<i>Introduction to Solid State NMR Spectroscopy</i> is written for undergraduate and graduate students of chemistry, either taking a course in advanced or solid-state nuclear magnetic resonance spectroscopy or undertaking research projects where solid-state NMR is likely to be a major investigative technique. It will also serve as a practical introduction in industry, where the techniques can provide new or complementary information to supplement other investigative techniques.<br><p><br><p>By covering solid-state NMR spectroscopy in a clear, straightforward and approachable way with detailed descriptions of the major solid-state NMR experiments focussing on what the experiments do and what they tell the researcher, this book will serve as an ideal introduction to the subject. These descriptions are backed up by separate mathematical explanations for those who wish to gain a more sophisticated quantitative understanding of the phenomena. With additional coverage of the practical implementation of solid-state NMR experiments integrated into the discussion, this book will be essential reading for all those using, or about to use, solid-state NMR spectroscopy.<br><p><br><p><br><p><b>Dr Melinda Duer</b> is a senior lecturer in the Department of Chemistry at the University of Cambridge, Cambridge, UK.
"Overall this is an excellent book and one that I personally will find very useful. I will recommend it to my postgraduate students and prostdoctoral research fellows for its detailed and careful explanations of a wide range of experimental methods in solid-state NMR spectroscopy."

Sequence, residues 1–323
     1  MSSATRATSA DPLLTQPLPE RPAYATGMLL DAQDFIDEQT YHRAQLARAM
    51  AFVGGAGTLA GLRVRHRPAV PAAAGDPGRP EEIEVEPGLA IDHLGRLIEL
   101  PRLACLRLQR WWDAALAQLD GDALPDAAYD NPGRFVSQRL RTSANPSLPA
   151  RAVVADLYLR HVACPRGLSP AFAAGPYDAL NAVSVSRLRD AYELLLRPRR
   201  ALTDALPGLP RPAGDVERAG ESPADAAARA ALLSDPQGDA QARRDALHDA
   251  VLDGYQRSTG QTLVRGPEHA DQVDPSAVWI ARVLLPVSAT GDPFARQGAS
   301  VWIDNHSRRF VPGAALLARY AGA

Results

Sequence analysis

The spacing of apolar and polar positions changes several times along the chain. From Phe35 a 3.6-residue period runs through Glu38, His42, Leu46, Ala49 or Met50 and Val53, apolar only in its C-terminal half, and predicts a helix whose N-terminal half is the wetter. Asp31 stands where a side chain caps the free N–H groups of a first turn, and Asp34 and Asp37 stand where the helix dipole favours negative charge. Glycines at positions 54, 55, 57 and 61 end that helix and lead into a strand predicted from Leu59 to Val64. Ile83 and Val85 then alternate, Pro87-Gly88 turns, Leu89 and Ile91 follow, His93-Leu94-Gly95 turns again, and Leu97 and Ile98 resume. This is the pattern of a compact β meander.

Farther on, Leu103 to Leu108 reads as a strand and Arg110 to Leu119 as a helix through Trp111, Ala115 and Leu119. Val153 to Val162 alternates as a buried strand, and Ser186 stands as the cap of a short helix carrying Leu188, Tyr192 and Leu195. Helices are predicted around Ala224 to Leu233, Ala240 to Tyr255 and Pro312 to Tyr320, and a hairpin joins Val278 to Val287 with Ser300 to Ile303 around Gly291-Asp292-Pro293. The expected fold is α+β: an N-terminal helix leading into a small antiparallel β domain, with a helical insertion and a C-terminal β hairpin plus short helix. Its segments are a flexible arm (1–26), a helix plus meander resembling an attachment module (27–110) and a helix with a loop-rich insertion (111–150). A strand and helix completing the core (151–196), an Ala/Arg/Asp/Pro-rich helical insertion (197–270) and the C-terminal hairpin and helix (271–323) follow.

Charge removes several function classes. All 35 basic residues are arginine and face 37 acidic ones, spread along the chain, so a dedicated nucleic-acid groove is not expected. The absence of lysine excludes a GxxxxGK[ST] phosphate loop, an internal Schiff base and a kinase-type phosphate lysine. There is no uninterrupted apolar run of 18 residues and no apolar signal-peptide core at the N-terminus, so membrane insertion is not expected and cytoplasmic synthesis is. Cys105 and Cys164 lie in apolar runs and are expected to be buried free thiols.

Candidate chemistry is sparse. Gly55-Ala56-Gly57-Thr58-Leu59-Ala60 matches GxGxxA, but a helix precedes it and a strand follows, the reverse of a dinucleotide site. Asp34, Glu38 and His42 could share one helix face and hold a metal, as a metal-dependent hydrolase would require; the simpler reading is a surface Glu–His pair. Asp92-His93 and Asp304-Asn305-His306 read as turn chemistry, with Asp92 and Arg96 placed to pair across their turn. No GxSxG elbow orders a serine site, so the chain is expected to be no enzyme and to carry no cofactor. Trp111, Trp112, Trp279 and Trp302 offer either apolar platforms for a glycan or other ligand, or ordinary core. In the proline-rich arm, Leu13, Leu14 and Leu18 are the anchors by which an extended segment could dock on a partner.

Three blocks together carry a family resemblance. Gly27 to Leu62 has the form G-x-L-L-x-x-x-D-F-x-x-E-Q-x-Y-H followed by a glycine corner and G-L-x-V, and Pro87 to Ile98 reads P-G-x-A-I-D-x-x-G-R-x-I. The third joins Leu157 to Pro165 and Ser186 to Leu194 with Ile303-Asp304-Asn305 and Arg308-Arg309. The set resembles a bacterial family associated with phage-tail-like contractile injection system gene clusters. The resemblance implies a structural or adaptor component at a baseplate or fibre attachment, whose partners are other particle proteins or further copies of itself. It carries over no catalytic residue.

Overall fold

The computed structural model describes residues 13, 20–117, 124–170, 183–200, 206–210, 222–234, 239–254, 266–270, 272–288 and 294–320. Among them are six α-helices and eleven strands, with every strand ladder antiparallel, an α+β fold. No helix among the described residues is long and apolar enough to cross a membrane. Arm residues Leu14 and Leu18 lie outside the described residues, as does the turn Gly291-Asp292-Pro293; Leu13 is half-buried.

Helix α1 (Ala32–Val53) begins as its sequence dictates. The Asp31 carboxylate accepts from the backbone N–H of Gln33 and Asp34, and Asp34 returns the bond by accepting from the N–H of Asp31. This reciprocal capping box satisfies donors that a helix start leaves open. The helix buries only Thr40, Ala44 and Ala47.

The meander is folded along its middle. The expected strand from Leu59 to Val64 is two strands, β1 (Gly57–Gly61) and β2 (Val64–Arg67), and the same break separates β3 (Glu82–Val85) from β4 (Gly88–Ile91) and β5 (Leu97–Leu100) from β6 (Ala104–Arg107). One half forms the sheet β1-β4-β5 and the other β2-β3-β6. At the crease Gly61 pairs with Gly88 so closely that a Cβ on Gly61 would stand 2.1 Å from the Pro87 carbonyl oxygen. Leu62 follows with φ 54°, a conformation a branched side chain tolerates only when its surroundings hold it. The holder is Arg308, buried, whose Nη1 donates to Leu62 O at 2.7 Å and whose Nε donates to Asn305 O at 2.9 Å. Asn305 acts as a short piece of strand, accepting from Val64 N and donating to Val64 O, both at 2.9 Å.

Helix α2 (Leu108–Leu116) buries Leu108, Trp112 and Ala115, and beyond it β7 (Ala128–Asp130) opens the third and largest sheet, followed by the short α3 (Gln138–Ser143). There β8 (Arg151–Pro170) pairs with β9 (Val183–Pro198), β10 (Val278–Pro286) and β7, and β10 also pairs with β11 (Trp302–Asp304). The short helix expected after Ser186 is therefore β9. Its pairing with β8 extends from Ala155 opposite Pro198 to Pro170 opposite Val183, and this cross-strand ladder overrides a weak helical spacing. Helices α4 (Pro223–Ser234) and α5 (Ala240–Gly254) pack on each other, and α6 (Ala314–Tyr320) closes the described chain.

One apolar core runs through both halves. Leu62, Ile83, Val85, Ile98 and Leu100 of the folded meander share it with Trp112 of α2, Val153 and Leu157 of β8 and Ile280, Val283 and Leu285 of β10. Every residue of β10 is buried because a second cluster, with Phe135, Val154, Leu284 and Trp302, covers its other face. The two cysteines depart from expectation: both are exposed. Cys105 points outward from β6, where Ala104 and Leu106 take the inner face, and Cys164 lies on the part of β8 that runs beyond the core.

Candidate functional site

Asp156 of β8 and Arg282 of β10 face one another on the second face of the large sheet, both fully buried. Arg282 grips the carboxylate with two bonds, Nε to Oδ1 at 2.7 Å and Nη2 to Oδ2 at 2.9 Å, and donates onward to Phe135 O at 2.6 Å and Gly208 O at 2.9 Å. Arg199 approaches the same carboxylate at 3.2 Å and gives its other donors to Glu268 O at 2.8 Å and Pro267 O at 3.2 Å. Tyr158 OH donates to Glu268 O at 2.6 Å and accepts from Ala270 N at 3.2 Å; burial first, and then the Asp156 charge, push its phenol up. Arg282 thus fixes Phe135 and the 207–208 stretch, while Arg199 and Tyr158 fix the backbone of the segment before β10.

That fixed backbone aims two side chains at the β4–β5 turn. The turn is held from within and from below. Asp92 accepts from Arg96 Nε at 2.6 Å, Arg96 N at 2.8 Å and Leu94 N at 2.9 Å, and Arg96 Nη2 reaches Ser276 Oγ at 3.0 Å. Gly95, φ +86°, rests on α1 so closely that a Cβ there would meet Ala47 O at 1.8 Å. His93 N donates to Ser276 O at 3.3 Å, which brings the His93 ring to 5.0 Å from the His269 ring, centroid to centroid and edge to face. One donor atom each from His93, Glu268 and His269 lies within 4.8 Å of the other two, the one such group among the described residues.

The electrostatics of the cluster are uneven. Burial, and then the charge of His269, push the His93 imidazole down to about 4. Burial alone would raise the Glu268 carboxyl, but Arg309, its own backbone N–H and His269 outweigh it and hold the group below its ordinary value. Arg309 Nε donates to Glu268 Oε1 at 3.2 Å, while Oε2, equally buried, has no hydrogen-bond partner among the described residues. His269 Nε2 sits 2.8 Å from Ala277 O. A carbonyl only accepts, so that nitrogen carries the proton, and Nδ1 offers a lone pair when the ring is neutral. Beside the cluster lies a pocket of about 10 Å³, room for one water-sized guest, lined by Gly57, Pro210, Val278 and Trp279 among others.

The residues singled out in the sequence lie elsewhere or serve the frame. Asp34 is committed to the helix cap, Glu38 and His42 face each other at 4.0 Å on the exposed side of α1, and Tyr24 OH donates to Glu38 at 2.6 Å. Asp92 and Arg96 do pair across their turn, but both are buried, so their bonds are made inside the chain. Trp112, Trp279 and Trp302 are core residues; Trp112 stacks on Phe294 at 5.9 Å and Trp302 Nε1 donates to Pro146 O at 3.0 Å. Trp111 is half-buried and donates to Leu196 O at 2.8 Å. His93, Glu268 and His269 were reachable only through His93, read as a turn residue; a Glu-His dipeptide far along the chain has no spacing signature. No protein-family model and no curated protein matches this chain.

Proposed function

"The book is clear and straightforward...the level of detail is very impressive and the author does not shirk her duty to explain some of the most notoriously difficult concepts in this area."
Chemistry World, Vol 2, No 1, January 2005
"The theoretical approaches, the description of methods and the demonstration of the applications are clearly given in this book, which can be recommended to students and researchers in physical, analytical and organic chemistry and also biology who need access to solid-state NMR for the characterization of structures and dynamics of chemical or biological compounds.?
Magnetic Resonance in Chemistry, 2004, vol 42
1. The Basics of NMR.
1.1 The vector model of pulsed NMR.
1.2 The quantum mechanical picture: hamiltonians and the Schrodinger equation.
1.3 The density matrix representation and coherences.
1.4 Nuclear spin interactions.
1.5 General features of Fourier Transform NMR experiments.
2. Essential Techniques for Solid-State NMR.
2.2 Magic-angle spinning (MAS).
2.3 Heteronuclear decoupling.
2.4 Homonuclear decoupling.
2.5 Cross polarization.
2.6 Echo pulse sequences.
3. Shielding and Chemical Shift: theory and uses.
3.2 The relationship between the shielding tensor and electronic structure.
3.3 Measuring chemical shift anisotropies.
3.4 Measuring the orientation of chemical shielding tensors in the molecular frame for structure determination.
4. Dipolar coupling ? theory and uses.
4.2 Introduction to the uses of dipolar coupling.
4.3 Techniques for measuring homonuclear dipolar couplings.
4.4 Techniques for measuring heteronuclear dipolar couplings.
4.5 Techniques for dipolar-coupled quadrupolar-spin- ½ pairs.
4.6 Techniques for measuring dipolar couplings between quadrupolar nuclei.
4.7 Correlation experiments.
4.8 Spin counting experiments.
5. Quadrupole Coupling ? theory and uses.
5.3 High resolution NMR experiments for half-integer quadrupolar nuclei.
5.4 Other techniques for half-integer quadrupolar nuclei.
6. NMR Techniques for Studying Molecular Motion in Solids.
6.2 Powder lineshape analysis.
6.3 Relaxation time studies.
6.4 Exchange experiments.
6.5 2H NMR.